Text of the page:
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A Case StudyTroubleshooting Score Marks

By: Stuart Keeler

Tuesday, July 01, 2008
 
Four common approaches to troubleshooting press-shop problems are 1) ignore the problem, 2) emotionally order random corrective actions, 3) blame the metal supplier and 4) undertake a logical data-based analysis of the problem. This true case study incorporates features of all four approaches. The higher-strength-steel problem part is a deep-drawn, closed-end channel with welded flanges. Separate dies in separate presses form symmetrical left- and right-hand channels. Severe sidewall scoring in the right-hand channel is a perpetual problem that no longer can be ignored.

Attempts to eliminate the scoring have focused on pursuing a long list of traditional modifications such as polishing the die, changing punch-die clearance and playing with different lubricants. One could characterize this approach as emotionally ordering random corrective actions. These attempts to correct problems almost als begin without a valid definition of the problem or a final goal.

One day, two different coils of steel produced right-hand parts with different amounts of scoring. Now the problem is obvious, the steel is the root cause. The steel supplier receives a call to attend a demonstration at the stamping plant. First, a section of coil B (for bad) produces parts. Then a section of coil G (for good) produces parts. Yes, the G-coil parts visually show somewhat less scoring than the B-coil parts. In the traditional of doing business, the representative from the steel supplier returns to his company with a mandate to supply better steel. Blaming the supplier is completed.

However, all participants have ignored the rules of good troubleshooting. First, a numerical definition of the problem is required to provide a base line or reference point. Relating back to this starting condition allows one to track progress toward the final goal or problem solution. The final goal also must be a numerical and realistic target. A goal of zero defects forever is not realistic. “It looks,” “I think,” “I know,” “I assume,” “I feel,” “it’s probably” and “I am comfortable with” are not numerical statements of either the problem or final goal.

How does one numerically define scoring of a part? In this problem, the area of the rectangle encompassing each distinct patch of scoring is measured. No scoring for 0.25 in. means that one patch has ended and another patch has started. The total area of all patches is the scoring index for that part. Measurement of multiple parts not only provides an average scoring index, but also a measure of repeatability.

The graph shows the results from this study. The results for the right-hand part (1) show two distinct lines confirming that coil G produces

Graph showing the progression of improvement
Graph showing the progression of improvement during the search for the cause of sidewall scoring.
less scoring than coil B. However, the difference between the scoring index of G and B is small compared with the total scoring index. The steel coils make a difference but one or more variables play a much larger role.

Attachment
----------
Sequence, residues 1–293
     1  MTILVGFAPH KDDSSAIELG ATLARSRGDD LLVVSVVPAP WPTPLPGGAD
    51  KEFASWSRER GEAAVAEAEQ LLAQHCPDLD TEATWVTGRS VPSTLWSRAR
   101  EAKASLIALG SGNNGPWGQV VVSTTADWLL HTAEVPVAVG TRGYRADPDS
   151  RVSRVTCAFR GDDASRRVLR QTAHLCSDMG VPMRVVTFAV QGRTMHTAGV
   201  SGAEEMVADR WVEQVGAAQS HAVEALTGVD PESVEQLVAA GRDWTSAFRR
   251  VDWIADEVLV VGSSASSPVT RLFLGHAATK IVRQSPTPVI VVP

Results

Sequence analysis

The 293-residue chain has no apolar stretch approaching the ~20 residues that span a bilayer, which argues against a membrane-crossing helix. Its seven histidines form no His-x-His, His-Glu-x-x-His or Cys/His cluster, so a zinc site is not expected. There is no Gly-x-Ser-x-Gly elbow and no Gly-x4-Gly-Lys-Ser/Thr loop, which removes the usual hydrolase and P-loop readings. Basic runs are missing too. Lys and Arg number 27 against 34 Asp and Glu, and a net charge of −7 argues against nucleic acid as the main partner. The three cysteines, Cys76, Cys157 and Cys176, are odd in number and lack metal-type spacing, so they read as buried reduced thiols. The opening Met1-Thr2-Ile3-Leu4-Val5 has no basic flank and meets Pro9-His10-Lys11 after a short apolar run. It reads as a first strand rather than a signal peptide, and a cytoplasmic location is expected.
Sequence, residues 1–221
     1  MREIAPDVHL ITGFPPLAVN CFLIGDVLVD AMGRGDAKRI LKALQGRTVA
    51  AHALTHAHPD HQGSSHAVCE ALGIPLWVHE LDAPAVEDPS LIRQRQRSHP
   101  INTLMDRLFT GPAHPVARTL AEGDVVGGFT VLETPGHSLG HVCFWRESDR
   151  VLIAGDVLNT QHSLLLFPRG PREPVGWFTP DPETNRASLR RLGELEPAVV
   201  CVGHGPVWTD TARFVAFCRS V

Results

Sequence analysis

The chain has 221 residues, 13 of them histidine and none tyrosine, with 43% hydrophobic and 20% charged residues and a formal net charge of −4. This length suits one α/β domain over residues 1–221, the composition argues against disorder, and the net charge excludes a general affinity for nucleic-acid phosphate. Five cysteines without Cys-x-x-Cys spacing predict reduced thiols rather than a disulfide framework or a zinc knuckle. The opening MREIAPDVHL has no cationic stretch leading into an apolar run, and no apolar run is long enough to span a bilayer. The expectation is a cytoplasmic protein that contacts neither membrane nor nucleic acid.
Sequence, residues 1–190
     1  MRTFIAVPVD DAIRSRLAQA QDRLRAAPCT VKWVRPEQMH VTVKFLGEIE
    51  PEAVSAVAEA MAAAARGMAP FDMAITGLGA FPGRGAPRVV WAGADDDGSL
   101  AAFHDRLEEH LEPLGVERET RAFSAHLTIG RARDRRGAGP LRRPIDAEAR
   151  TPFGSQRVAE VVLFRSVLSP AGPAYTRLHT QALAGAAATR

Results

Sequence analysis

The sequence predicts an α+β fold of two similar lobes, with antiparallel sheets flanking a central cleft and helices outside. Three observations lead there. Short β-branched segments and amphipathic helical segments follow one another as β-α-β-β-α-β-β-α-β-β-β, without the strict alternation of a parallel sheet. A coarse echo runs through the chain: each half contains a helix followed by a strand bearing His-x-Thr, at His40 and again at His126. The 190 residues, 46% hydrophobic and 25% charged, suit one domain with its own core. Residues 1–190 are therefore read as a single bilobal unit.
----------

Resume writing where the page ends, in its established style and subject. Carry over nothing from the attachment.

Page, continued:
Now that the problem has a numerical definition, what is the final goal? Our steel-company representative has learned another lesson of troubleshooting. He questions the person most involved with the problem, the die maker assigned to the part. He quickly learns that the die maker never has any problems reported to him about the left-hand tool. Since everyone ignores those parts, that level of scoring must be okay. Now we have the best troubleshooting opportunity. For two symmetrical parts, one hand has the problem, while the opposite hand holds the solution. Instead of trying to find the solution from a large number of possibilities, the search now focuses on what is different between the two parts.

For a valid right-hand to left-hand comparison, performing tests with the same process conditions eliminates extraneous variables. In this case, four steel samples—coil G prime-side up and down and coil B prime-side up and down—are formed in each die. The results (2) for the left-hand part show the same difference between coils G and B as the previous results. However, the left-hand part has almost half the severity of the right-hand part. Obviously, the root cause of the problem is not the steel but the difference between the right- and left-hand dies.

To find the difference between dies, visual inspection is conducted on both sets of open dies placed side-by-side. The difference becomes immediately obvious. The intersection of a curved surface and a straight section is not tangential. This creates a sharp edge that causes galling and then scoring. Of course, the next instruction is to modify the right-hand die to duplicate the left-hand die until the scoring indexes are equal (now the numerical target).

This case study has a mixed ending. The bad news is that during the modification of the right-hand die a major mistake occurred. The good news is that when the right-hand die now makes parts, the scoring index is not equal to the left-hand part. The new right-hand scoring index (3) has dropped to nearly zero with no difference between coils B and G.

In reviewing this case study, one reasonably could ask why no one made an early comparison with the left-hand die. The answer usually lies deep within the culture of the press shop. “I only have time to do one job;” “I only work on what my boss tells me to work on” and “if it’s not broken, I don’t worry about it” are some of the reasons why much troubleshooting remains an undocumented guessing game. Many excellent troubleshooting techniques are available. Only the surviving press shops use them. MF

 


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